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Notre-Dame Has A History Of Restoration, And It’s Not Over Yet

A castle like building in a city

Since Paris’s famed Notre Dame cathedral suffered heavy damage from fire earlier this week, news coverage has been focused exclusively on what has been destroyed. Which is why it might be nice to take a moment to step back in time and tour the church as it was, in all its glory.

Construction of the church began in 1163 under the direction of Pope Alexander III. Though the church was officially ‘finished’ in 1250, embellishments and adjustments were added up until 1789, when the Notre Dame underwent looting and partial disassembly during the French Revolution. It was actually Victor Hugo’s novel The Hunchback of Notre Dame that convinced France to invest in the church’s restoration following its damage during the Revolution.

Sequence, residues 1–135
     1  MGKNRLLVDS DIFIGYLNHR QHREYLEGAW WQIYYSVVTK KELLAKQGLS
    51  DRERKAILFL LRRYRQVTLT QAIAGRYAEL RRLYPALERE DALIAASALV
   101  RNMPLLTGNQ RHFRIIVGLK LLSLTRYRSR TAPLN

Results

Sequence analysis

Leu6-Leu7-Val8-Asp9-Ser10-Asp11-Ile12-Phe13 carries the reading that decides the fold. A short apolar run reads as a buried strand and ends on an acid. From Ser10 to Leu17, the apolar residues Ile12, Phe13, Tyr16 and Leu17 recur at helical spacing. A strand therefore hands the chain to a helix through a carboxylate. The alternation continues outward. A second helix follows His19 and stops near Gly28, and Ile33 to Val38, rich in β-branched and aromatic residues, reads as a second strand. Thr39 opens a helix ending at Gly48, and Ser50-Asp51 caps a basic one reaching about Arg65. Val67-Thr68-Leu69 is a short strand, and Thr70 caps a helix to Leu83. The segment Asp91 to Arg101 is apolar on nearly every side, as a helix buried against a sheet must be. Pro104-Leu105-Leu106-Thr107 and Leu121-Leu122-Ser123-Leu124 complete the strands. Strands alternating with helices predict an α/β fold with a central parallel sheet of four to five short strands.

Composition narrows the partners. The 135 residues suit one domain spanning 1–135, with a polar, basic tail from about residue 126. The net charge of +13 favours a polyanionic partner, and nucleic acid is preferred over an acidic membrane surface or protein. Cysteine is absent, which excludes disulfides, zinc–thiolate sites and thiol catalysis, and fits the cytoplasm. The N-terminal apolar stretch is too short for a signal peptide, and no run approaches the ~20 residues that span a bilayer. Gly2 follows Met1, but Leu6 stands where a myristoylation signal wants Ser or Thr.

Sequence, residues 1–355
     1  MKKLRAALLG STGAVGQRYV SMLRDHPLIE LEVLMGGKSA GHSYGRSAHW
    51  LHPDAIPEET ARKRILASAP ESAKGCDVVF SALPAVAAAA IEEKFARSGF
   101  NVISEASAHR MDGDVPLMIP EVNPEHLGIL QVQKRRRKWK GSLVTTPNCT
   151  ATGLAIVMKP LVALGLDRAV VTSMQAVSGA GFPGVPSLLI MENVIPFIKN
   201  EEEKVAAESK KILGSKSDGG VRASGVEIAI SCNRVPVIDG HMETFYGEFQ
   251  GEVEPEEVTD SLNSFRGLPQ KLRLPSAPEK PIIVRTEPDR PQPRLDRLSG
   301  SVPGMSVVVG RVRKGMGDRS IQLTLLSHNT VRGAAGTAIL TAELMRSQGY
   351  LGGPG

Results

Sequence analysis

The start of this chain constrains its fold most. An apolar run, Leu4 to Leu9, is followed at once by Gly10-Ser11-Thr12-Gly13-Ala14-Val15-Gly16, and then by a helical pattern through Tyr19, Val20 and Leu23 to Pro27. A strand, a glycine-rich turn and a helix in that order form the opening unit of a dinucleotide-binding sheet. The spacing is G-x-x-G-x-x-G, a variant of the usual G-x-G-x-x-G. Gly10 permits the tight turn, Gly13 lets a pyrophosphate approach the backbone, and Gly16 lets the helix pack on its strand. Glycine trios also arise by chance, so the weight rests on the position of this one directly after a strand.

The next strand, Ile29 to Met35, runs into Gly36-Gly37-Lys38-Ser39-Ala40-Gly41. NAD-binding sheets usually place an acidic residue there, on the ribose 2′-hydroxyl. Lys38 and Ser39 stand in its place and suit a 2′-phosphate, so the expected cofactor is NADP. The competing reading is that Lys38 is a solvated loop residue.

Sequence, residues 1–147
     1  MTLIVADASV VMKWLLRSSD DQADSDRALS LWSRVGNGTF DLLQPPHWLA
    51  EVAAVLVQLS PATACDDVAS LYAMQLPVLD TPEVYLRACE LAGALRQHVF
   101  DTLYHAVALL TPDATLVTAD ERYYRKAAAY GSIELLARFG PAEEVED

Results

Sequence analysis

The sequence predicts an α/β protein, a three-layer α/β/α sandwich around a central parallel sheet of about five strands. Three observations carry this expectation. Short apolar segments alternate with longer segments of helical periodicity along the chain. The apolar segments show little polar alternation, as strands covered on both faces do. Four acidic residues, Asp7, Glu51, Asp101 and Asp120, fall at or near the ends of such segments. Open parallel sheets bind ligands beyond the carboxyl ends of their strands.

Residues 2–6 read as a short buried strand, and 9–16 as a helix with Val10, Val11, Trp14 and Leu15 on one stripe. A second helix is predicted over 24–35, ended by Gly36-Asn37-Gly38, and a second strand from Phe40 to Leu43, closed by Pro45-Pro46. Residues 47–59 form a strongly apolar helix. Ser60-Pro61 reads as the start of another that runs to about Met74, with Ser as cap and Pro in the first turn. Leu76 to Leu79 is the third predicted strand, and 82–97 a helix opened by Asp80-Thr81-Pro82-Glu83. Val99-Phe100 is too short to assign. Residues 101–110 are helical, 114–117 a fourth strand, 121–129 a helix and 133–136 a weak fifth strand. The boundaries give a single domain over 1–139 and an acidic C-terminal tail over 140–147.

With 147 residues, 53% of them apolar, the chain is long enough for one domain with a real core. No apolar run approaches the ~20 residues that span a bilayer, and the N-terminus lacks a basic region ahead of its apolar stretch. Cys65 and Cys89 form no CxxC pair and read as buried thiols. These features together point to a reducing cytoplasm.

The Notre Dame has gone through many phases of restoration in its long and fraught history, including rebuilding of the vaulted ceiling and mending the famous stained glass ‘rose windows.’ Even the spire on the anterior side of the building, whose collapse sent onlookers into a tailspin this week, was destroyed and rebuilt during the Revolution.

An 850-year-old piece of indispensable architecture doesn’t make it this far without a little care and a little help. Learn how you can help bring this essential piece of French history back to the way it was before the fire, and even beyond.

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